Donald Trump stands during the second presidential debate. (Andrew Harrer/Bloomberg)
Opinion writer

Over the weekend, Donald Trump did what he always does when things go south for him. He walked away. He announced he is not the man at 70 he had been at 59 when he had boasted of sexual assault, and he pledged “to be a better man tomorrow.” With that, he effectively declared moral bankruptcy, paying about a dime on the dollar of sincerity.

It was, of course, what Trump had done six times in business, only this time the crisis was not about his finances, but his character. He had been caught talking trash about women. He has been caught boasting about committing the sort of sex crimes transit cops are always on the lookout for. He said he had hit on a married woman soon after he himself had been married. For all of that, he had “regret.”

Then, like the angel he thinks he is, he took flight. He left his own body and, looking down, pronounced in his videotaped apology that the Donald Trump who said all those repugnant things, the Donald Trump who managed to break centuries of newspaper tradition against using certain words, the Donald Trump who issued a casting call for the alleged victims of Bill Clinton, the Donald Trump who often talked about women in the most despicable terms, the Donald Trump who listened to Howard Stern take apart his daughter’s physique like she was a Lego creation, the Donald Trump who went vile on Megyn Kelly and who has called women “dogs” and “pigs” and who berated a former Miss Universe for gaining weight and who made a tabloid spectacle of his extramarital affair with Marla Maples, that that Donald Trump doesn’t exist anymore. The man erased his own past.

Anderson Cooper, one of the two moderators at Sunday night’s debate in St. Louis, begged to differ. “You bragged that you have sexually assaulted women. Do you understand that?”

“No, I didn’t say that at all,” Trump replied. “I don’t think you understood what was — this was locker-room talk. I’m not proud of it. I apologize to my family. I apologize to the American people. Certainly I’m not proud of it. But this is locker-room talk.” And then, forsaking segues and showing contempt for his audience, he veered into the blood-soaked Middle East. “You know, when we have a world where you have ISIS chopping off heads, where you have — and, frankly, drowning people in steel cages, where you have wars and horrible, horrible sights all over, where you have so many bad things happening, this is like medieval times. We haven’t seen anything like this, the carnage all over the world.”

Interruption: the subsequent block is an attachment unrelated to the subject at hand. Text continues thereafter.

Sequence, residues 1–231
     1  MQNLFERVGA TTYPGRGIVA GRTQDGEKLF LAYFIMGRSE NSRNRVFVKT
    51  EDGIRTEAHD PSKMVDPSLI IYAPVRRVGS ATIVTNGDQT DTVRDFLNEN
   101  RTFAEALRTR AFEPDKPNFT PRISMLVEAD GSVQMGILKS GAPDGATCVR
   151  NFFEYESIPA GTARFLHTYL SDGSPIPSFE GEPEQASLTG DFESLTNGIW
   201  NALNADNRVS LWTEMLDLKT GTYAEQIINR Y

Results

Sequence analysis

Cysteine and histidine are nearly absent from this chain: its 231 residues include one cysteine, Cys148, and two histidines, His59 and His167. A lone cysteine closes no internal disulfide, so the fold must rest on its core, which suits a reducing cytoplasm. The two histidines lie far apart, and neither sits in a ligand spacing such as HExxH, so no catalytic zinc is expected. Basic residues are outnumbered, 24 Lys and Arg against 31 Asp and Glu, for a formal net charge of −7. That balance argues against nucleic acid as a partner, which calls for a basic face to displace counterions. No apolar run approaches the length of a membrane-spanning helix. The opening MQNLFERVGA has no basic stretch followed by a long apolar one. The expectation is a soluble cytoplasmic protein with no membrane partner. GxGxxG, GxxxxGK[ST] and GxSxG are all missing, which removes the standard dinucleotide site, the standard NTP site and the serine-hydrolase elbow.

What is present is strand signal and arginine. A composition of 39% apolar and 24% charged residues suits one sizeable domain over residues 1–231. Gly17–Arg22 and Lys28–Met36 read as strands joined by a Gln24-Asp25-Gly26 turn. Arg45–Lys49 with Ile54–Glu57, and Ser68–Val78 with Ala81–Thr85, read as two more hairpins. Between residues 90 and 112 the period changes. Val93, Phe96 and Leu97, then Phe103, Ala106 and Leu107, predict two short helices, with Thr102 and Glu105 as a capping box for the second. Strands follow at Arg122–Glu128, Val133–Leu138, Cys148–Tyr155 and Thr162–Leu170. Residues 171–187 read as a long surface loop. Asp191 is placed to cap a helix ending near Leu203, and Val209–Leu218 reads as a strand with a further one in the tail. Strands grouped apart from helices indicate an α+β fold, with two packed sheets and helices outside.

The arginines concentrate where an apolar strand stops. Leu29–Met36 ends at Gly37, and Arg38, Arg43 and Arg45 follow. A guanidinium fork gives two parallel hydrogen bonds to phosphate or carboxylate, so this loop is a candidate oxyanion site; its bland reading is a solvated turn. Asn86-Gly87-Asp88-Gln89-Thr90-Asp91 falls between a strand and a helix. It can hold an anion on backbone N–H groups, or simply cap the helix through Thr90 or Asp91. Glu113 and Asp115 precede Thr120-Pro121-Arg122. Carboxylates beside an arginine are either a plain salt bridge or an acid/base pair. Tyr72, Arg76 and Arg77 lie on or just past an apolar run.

Here are key moments from the fiery town-hall style presidential debate between Republican Donald Trump and Democrat Hillary Clinton at Washington University in St. Louis on Oct. 9. (Sarah Parnass/The Washington Post)

Bill Clinton was in the audience. He smiled from time to time, but God only knows what he was thinking. It has been almost two decades since his affair with Monica Lewinsky was revealed and yet the scandal stalks him like a vagrant cat looking for a handout of milk. We have become inured to all this — the sex, the lying, the slippery definitions of sex, the bouncing tenses — is, is, was, was — the tawdriness of it all, the erasure of the line between private and public. Two men in that debate room had much to account for.

Hillary Clinton had the chance to put away Trump. She failed. He was able to pivot, to move on to other subjects, some of which, like her emails, were awkward for her. She did not dwell on the odious tape, 11 years old and stinking with rancid sexism, a dialogue between morons, two men frozen in their adolescence, and she may not have done so because of those Bill Clinton accusers sitting in the audience and who had been all over TV just an hour or so earlier. They seemed so pleasant, middle-aged like Hillary. She could not possibly attack them. The whole subject must bring her pain. Best to talk about something else.

And so Trump’s diversion worked. He lives to fight another day, to continue to bring embarrassment and shame to the Republican Party and the political careerists who would risk a debacle of a presidency rather than take a stand on principle. Lies spill from Trump’s mouth and he exudes bigotry, yet he learned long ago that only suckers pay their debts and take responsibility for what they’ve done. He simply moves on. If he succeeds this time, then we are not his creditors, but as morally bankrupt as he is.

Read more from Richard Cohen’s archive.

Read more on this topic:

E.J. Dionne Jr.: A vicious presidential debate

George F. Will: Donald Trump’s vile candidacy is chemotherapy for the GOP

Michael Gerson: Republicans deserve their sad fate

Stephen Stromberg: Trump lost the debate in these three lines (if not all the others)

The Post’s View: A new low, even for Donald Trump